Clark, Healy discuss their goals for the Wyoming Game and Fish CommissionWritten by Jennifer Womack
Prior to that meeting Clark and Healy talked to the Roundup about their goals for the position.
“I was an environmental consultant for years and did a lot of ESA work,” explained Clark. “I did a lot of natural resource permitting for FERC (Federal Regulation and Oversight of Energy) and oil and gas development.” Clark said he and his wife have lived near Wheatland for about eight years. “I think this is where we plan to be until the day we die.”
“I had several people ask and I was honored by the Governor asking me if I would serve,” said Healy, who ranches in the Big Horn Basin. Healy’s innovation and attention to stewardship on his ranch have earned him the recognition of multiple groups, most recently the Wyoming Chapter of the Society for Range Management with their landowner of the year award.
“It is not one I would have thought of,” said Healy, who noted he enjoyed hunting in his younger years and hunted with his kids when they were growing up, but hasn’t hunted for several years. His knowledge and commitment to habitat, however, is equally important.
“As we try to improve and range and riparian areas,” he said, “we know that a side beneficiary is the wildlife.” Healy has also worked with the Game and Fish, in partnership with the state and the Bureau of Land Management to develop a walk-in access area. He said they allow hunting on the ranch with a “minimum amount of red tape.”
“Quite a number of years ago,” said Healy, “the BLM pointed out to us a very logical analysis that we had a lot of old seismograph roads through the hills in our upper country.” The roads weren’t used a lot short of hunting season, but limited the number of elk in the area. Access was allowed to the ridge, from which Healy said, “You could do your hunting by walking or by horseback. It increased the number of elk and we have more hunter success.”
“I’d like to see consistency in how Endangered Species Act issues are handled across the state,” said Clark of the agency he described as “well run with professional folks working for them.”
Clark has a great deal of experience with the ESA. Working from his ranch near Wheatland, he helped develop the recently completed map that overlays wind development potential in the state with ESA challenges. He’s also been working on the recent pocket gopher issue following efforts by the environmental community to see that species listed under the ESA. Prior to that he was involved in discussions surrounding the Preble’s meadow jumping mouse.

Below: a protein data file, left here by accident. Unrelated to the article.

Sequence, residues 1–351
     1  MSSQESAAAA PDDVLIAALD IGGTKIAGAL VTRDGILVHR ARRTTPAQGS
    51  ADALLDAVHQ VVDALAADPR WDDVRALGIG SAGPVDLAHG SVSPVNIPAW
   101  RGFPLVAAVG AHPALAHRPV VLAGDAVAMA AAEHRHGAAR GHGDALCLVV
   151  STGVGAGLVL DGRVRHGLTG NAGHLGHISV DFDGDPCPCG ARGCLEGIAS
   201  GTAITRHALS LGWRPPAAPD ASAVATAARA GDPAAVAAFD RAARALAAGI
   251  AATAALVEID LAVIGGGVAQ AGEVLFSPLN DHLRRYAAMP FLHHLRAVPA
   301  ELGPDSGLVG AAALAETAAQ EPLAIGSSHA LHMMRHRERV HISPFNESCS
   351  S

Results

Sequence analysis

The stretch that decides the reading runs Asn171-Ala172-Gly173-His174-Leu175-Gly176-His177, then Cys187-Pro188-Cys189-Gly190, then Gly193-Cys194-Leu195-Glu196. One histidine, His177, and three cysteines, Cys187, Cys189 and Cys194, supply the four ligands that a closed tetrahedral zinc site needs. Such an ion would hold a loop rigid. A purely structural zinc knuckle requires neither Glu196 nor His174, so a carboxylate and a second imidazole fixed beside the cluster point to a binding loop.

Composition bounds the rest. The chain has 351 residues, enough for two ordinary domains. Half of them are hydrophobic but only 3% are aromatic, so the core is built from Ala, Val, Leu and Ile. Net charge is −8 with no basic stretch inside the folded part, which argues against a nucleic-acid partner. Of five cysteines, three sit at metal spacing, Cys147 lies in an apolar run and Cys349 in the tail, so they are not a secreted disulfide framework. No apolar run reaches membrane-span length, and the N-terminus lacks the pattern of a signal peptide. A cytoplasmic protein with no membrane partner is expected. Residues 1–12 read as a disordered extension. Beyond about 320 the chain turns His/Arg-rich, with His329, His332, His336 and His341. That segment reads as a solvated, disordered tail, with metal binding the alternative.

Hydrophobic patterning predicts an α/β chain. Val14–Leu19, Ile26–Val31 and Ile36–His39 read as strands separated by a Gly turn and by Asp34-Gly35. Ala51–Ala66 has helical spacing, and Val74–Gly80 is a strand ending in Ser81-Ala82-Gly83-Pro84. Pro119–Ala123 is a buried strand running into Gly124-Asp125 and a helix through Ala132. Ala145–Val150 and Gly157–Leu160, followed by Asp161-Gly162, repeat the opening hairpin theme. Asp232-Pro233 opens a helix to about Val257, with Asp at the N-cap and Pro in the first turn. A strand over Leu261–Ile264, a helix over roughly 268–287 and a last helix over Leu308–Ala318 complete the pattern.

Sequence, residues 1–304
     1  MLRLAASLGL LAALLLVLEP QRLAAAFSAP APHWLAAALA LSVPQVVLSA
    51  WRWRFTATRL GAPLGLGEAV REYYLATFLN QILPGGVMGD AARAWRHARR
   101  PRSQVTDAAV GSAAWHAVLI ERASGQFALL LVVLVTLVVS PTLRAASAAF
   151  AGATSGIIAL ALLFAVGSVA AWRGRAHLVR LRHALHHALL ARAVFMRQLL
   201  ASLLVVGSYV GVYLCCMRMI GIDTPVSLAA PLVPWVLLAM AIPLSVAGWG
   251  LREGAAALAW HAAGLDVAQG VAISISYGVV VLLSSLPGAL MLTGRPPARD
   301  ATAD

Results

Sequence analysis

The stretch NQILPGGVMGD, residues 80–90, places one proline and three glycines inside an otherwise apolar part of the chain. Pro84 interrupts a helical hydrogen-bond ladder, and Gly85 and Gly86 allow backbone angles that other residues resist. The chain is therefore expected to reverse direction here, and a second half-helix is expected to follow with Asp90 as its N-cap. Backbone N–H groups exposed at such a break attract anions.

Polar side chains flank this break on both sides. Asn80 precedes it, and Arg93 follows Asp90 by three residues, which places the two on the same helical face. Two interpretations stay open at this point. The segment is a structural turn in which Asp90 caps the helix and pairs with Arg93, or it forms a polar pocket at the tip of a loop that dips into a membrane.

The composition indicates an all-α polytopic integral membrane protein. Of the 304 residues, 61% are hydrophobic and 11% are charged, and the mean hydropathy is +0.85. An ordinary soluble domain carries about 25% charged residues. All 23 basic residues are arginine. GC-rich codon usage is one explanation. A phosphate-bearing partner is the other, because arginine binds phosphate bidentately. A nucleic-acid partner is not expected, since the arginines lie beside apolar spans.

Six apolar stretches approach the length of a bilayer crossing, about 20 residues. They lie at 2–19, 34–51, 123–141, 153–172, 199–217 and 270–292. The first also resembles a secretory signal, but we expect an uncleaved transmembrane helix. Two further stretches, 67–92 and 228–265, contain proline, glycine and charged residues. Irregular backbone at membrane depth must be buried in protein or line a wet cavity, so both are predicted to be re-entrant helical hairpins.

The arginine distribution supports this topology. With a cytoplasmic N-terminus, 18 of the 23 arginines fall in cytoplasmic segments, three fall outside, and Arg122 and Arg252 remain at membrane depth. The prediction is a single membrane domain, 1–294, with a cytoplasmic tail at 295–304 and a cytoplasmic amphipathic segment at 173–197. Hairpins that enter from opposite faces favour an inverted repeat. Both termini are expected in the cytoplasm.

“Some of the species, when they get petitioned get ran through the Governor’s office,” said Clark. “Others go through the Game and Fish.” Others, he said, like plants and invertebrates, fall under the radar screen.
Clark counted ensuring that the sage grouse isn’t listed as a primary goal. He said Wyoming has made several positive steps thus far including designation of core areas for sage grouse and working with the mineral and wind industries on “how to balance what they want with trying to maintain our sage grouse numbers. We’ve just started working with wind companies.” He said, “A lot has been done and we need to keep it up.”
Healy said he sees the debate over whether to classify wolves as trophy game statewide or defend dual classification as a political discussion that lies with the Wyoming Legislature. “I would certainly, as a rancher, like to be able to more easily control wolves, although that’s not as much of a problem at our place as it is up north toward Meeteetse,” said Healy. “As a Department that would be entrusted with the responsibility,” said Healy, “I think the Game and Fish can handle it either way.”
Clark said the wolf is one area where he plans to do additional research. With his attention focused on other species, he said he would be reviewing the different positions relating to the wolf and the reasoning behind them.
Healy said he’s had a good working relationship with the Game and Fish, primarily working with the game warden and biologists in the Big Horn Basin. “They’re very landowner friendly, very hunter friendly and they obviously are there to enhance the wildlife and the experience people have with them. I think it’s a wonderful legacy they’ve created and I’ll work to continue it.”